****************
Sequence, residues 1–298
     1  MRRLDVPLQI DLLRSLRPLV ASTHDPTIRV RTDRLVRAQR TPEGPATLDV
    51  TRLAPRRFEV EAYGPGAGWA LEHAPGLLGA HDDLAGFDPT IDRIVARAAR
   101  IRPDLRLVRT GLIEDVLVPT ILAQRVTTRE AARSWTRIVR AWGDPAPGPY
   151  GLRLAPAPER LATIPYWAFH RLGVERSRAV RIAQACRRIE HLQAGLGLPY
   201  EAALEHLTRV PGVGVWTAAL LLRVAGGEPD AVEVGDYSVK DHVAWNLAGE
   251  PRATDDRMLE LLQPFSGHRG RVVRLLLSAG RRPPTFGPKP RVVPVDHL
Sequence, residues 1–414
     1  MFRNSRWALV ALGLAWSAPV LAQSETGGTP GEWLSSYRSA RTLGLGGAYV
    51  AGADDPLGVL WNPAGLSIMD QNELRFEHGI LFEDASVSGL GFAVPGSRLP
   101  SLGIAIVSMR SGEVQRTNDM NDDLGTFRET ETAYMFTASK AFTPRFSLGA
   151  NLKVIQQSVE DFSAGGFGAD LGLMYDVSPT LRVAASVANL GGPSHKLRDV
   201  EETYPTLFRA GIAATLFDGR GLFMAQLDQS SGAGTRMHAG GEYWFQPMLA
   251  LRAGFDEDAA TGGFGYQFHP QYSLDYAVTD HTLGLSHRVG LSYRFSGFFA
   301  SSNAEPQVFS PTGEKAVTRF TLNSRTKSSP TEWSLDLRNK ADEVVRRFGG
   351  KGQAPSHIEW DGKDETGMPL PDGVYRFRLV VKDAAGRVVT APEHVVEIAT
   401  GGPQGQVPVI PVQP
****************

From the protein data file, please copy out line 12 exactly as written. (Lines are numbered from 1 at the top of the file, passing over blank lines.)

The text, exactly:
   151  NLKVIQQSVE DFSAGGFGAD LGLMYDVSPT LRVAASVANL GGPSHKLRDV